The domestic wine world lost one of its leading lights last month when celebrated California winemaker Joseph Phelps passed away at age 87.
For more than 40 years Phelps remained at the forefront of Napa winemaking with his Bordeaux- and Rhone-styled blends, and his single-varietal bottlings. Along with other legends, including Robert Mondavi and Chuck Wagner, Phelps helped established Napa as a world-renowned wine producing region.
Born and raised in Colorado, Phelps expanded his family’s successful construction business to San Francisco in the 1960s, winning the opportunity to build a winery in Napa. He became enthralled with wine and, recognizing the region’s potential, established the Joseph Phelps’s Vineyards in 1973. His winery became a breeding ground for innovation and winemaking talent. Many of his former winemaker employees have moved on to their own well-regarded ventures in the United States and abroad.
And while Phelps never made a kosher wine, the imprint of his California wine work is indelible. To toast the memory of this innovative, pioneering and generous wine legend, we selected a special kosher Napa wine.
The Covenant Napa Valley Solomon Lot 70 Cabernet Sauvignon 2008 (the current 2011 vintage goes for about $150), is just now reaching its potential. Produced from two of Leslie Rudd’s finest vineyards, this dense dark berry and cherry-flavored, full-bodied beauty is well integrated with layers of mocha, cassis, tobacco and some spiced oak at the end. An archetypical Napa Cab in so many ways, it is a fitting bottle to honor the memory and history of a classic Napa personality.
Spirits-wise, we note the sudden criminal excitement in the world of bourbon with a bit of, well, bemused indifference. Less than a week ago, according to news reports, a Franklin County, Ky., grand jury indicted “nine members of a criminal syndicate that collaborated to promote or engage in the theft…and illegal trafficking” of booze from two different Kentucky bourbon distilleries: Frankfort’s Buffalo Trace Distillery, and the nearby Wild Turkey Distillery.
Part of the buzz is that Buffalo Trace also produces the increasingly astronomically priced Pappy Van Winkle brand, and thousands of dollars’ worth of Pappy was stolen in 2013 – allegedly by this same crime ring.
Prosecutors allege that the criminal scheme was spearheaded by rogue distillery workers and had gone on since 2008 or 2009. Of the nine individuals named in the indictment, two worked at Buffalo Trace and one worked at Wild Turkey, the news reports say.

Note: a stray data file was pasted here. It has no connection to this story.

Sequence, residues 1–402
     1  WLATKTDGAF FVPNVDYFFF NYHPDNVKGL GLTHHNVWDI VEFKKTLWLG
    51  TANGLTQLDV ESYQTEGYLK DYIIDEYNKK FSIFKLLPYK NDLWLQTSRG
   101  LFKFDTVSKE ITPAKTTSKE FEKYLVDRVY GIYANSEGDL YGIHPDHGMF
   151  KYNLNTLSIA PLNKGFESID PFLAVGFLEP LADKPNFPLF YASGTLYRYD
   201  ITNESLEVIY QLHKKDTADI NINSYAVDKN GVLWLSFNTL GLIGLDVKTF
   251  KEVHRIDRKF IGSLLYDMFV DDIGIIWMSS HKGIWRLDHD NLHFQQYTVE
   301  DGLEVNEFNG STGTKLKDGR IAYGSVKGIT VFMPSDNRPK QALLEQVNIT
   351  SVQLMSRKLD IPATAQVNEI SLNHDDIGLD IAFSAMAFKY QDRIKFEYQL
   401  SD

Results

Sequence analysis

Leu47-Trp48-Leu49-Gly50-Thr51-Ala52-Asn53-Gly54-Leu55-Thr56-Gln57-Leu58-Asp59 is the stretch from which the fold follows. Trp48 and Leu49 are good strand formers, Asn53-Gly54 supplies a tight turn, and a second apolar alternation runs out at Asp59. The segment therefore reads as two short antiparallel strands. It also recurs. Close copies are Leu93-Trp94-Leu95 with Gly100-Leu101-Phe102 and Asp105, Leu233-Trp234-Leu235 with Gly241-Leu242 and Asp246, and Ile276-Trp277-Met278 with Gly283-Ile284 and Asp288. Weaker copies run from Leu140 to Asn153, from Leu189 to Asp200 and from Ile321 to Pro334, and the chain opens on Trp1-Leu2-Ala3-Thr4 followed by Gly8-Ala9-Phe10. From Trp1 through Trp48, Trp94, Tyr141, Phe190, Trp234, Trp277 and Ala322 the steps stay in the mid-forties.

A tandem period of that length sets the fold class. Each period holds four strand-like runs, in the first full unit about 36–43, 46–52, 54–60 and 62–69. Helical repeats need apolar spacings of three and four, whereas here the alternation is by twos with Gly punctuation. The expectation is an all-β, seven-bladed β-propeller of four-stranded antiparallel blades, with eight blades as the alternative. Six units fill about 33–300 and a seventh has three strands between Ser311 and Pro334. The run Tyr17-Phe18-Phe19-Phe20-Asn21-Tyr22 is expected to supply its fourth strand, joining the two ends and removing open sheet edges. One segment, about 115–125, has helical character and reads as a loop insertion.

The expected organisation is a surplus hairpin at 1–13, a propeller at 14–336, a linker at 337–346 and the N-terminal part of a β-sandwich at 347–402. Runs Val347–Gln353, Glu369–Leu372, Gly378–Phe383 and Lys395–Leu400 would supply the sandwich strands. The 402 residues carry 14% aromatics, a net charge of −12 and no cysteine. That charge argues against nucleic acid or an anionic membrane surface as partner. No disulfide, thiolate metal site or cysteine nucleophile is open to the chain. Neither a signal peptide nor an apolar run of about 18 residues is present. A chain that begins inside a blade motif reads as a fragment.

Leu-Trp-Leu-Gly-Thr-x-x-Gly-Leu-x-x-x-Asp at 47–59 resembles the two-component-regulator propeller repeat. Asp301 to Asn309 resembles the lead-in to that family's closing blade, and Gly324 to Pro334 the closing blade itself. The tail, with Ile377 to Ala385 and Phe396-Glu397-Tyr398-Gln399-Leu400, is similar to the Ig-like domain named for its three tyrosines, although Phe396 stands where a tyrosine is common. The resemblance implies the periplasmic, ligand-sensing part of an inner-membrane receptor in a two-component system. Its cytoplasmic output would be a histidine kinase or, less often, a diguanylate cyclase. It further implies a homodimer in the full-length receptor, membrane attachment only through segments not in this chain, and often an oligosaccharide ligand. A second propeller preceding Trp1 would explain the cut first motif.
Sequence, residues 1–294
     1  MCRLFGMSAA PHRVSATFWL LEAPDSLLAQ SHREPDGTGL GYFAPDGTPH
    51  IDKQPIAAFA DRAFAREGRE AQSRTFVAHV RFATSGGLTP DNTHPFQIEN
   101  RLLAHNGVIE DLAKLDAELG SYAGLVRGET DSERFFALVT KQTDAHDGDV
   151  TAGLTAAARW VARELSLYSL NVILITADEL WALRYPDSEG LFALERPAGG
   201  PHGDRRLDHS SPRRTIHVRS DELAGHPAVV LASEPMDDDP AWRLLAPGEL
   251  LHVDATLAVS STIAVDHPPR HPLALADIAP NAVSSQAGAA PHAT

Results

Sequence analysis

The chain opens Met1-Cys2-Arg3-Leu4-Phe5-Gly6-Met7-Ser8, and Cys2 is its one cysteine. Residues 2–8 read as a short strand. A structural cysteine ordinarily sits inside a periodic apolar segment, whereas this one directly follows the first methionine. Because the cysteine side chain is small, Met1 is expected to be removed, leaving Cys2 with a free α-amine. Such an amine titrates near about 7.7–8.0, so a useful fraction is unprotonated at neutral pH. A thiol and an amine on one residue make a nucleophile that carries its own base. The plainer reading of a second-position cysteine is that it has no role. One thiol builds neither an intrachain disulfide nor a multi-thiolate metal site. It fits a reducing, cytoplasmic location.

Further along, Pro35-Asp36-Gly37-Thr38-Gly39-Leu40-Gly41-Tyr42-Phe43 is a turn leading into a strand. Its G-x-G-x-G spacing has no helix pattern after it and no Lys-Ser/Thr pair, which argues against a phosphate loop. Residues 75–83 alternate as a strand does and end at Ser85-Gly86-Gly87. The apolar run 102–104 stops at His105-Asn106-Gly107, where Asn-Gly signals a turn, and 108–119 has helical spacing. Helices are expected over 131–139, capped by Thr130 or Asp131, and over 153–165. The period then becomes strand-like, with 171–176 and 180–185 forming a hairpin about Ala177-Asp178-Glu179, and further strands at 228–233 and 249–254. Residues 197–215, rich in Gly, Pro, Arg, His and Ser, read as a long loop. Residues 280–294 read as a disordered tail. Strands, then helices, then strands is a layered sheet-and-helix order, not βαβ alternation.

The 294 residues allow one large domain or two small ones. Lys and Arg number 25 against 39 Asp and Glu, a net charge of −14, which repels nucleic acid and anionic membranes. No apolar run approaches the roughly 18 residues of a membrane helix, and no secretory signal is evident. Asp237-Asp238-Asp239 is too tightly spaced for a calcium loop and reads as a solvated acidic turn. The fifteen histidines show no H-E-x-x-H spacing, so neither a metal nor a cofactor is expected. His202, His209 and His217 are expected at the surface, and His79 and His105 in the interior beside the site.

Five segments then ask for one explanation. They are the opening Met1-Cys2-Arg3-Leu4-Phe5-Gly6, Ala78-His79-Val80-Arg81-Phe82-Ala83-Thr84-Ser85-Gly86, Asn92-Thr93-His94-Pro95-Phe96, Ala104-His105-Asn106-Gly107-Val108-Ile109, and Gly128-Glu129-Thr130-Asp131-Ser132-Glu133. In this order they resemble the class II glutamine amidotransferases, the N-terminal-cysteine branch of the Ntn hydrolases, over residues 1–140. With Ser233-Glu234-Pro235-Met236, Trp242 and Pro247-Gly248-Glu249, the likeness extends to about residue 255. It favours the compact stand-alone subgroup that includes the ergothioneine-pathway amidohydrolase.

While the investigation of the stolen Pappy in 2013 seemed to have gone cold, the recent arrests followed discovery five barrels of bourbon behind a shed on the property of one of the accused. Each barrel was full of Wild Turkey bourbon, weighed more than 500 pounds, and was worth roughly $6,000 each. Apparently hundreds of thousands of dollars or stolen booze, in barrel and bottle, was recovered.
According to the news reports, Assistant Franklin County prosecutor Zach Becker indicated that this crime syndicate also was linked to thefts of “over 20 cases of Pappy Van Winkle bourbons, 50 to 70 cases of Eagle Rare bourbon, nine additional stainless steel barrels of bourbon from Buffalo Trace stolen in the winter of 2014, and numerous other wooden barrels that have yet to be recovered.”
Based on all the reports so far, the criminal activity was all fairly casual, with cases and barrels walking out of the two distilleries all the time. While we obviously roundly condemn all such theft and criminal activity, we can’t help but note that both distilleries obviously need to do some internal house-cleaning and tightening of security measures. We don’t blame the victim, but it’s hard to sympathize with wealthy companies who can’t keep their own affairs in order.
We ponder all this with a tot of “Russell’s Reserve Small Batch 10-Year-Old Bourbon” ($35; 45 percent abv), developed by Wild Turkey Distillery’s Master Distiller Jimmy Russell and his son Eddie. This is a wonderfully sweet and soothing, elegant whiskey, with tantalizing aromas and rich flavors of honey, caramel, pecans, cotton candy, light maple syrup, orange zest, coconut, stewed pineapple and creamy vanilla. Think of it as a more tame yet balanced and refined expression of Wild Turkey, minus a little of the alcoholic strength. L’Chaim!